Hierarchy of the Malaysian Judiciary/ Court System:
A comparative study with the United Kingdom
I was born second in a collective amount of 4 siblings. In court hierarchy, I am the Court of Appeal (COA) to the Federal Court of Malaysia or the Supreme Court of England. The world as we know it will be in utter chaos if it were not for the Judiciary. Imagine a court that has to handle all types of cases, big and small, simple and complex, criminal and civil. Until the day a super computer replaces our Honorable Judges, the Court Hierarchy remains an important system in the Judiciary. We have prepared a simple comparative study of both system.
It is common knowledge that Malaysia was a British colony, and that the British had left a legal legacy that is still observed today, like many of our buildings in Dataran Merdeka. Nonetheless, despite all the localisation and modification to the Court System in Malaysia, one cannot help but still see the similarities between the two systems, after all they shared the same genes. In this article, I will attempt to compare the two court hierarchies and I hope that the brief explanation could provide a refreshing read.
The English Court System
At the top of the English Court System, there is the Supreme Court of the United Kingdom. The Supreme Court was established in 2009, replacing the House of Lords. It is the Highest appellate court in the United Kingdom. It is then followed by the Court of Appeal (COA), which as the name suggests, hears appeal. The Civil Division of the COA hears appeals from the High Court and County Court, while its Criminal Division hears appeals from the Crown Court. The High Court functions as a civil court of first instance and also act as the appellate court for subordinate courts. The Crown Court on the other hand, has both original and appellate jurisdiction to hear criminal cases. These are known as the senior courts of England and Wales.
The Malaysian Court System
Like England, Malaysia has its own Apex Court, known as the Federal Court. The Federal Court serves the same function as the Supreme Court of England (or fondly remembered as the House of Lords), in that it is the highest appellate court that can hear appeals of civil and criminal cases. Similar to England, our second Highest Court is the COA. The COA hears appeals of both Criminal and Civil decisions from the High Court. The COA has the final jurisdiction on criminal cases that starts from subordinate court. The only major difference between the Malaysian Superior Court Hierarchy and the Senior Courts Hierarchy of England and Wales is that in Malaysia, we do not have a Crown Court. This is because in Malaysia, our High Court is allowed to hear cases of both Criminal and Civil matters. The High Court also serves as an appellate court for the subordinate courts.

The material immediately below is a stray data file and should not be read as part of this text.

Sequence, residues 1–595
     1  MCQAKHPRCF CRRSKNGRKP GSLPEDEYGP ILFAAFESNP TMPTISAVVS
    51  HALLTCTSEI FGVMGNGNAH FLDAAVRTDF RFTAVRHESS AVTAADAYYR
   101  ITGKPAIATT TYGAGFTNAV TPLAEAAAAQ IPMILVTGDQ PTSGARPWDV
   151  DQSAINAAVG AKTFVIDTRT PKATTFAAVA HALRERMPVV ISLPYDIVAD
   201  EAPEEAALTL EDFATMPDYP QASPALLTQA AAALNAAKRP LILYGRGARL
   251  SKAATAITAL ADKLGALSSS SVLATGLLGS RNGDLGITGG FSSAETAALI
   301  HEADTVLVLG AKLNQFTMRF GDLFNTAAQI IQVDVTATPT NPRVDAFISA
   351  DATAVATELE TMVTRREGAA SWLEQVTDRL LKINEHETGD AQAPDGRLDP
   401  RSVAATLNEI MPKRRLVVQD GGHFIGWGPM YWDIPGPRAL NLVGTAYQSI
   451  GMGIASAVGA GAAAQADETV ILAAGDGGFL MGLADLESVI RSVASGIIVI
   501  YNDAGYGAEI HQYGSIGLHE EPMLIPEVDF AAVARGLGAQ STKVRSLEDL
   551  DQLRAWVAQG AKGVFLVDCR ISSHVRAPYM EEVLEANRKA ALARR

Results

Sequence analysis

Like a family, the Court’s family tree has a few other branches that is lower in rank. They are known as the Subordinate Courts in both England and Malaysia.
Subordinate Courts In England
The Subordinate Courts in England and Wales consist of the Magistrates’ Court, the Youth Court and the County Courts. For Magistrates’ Court, there are Magistrates sitting in each local justice area and hear only minor criminal cases and certain licensing appeals. The Youth Court functions like the Magistrate Court, except that it exclusively hear cases involving offenders aged between 10 and 17. The County Court has only civil jurisdiction, sitting in different towns and cities.
Subordinate Courts In Malaysia
As for the Malaysian Subordinate Courts, they consist of the Sessions Court and the Magistrates’ Court. The Subordinate Courts has jurisdiction over civil and criminal matters. Our Sessions Court is a derivation of the Quarter Session Court of England, which has been dissolved in England. On the other hand, in Malaysia, there are two classes of Magistrates, namely the First Class and the Second Class. The First Class Magistrates have criminal jurisdiction to try all offences where the punishment does not exceed 10 years’ imprisonment as well as civil jurisdiction to try all actions in civil nature in which the amount of the subject matter does not exceed RM 100,000.00. While the Second Class Magistrate has also criminal and civil jurisdiction to try all offences punishable with imprisonment of not exceeding 12 months and those civil cases where the amount of the subject matter does not exceed RM10,000.00.
All in all, both countries have a rather similar Court Hierarchy that accentuates the historical ties between Malaysia and England. Although Malaysia has in some ways simplified the system, it remains functional and effective. This proves that our legal system has grown and mature throughout our many years of independence and thus all the legal practitioner across the nation should be proud of it.
Eldarius Yong Zhen Jie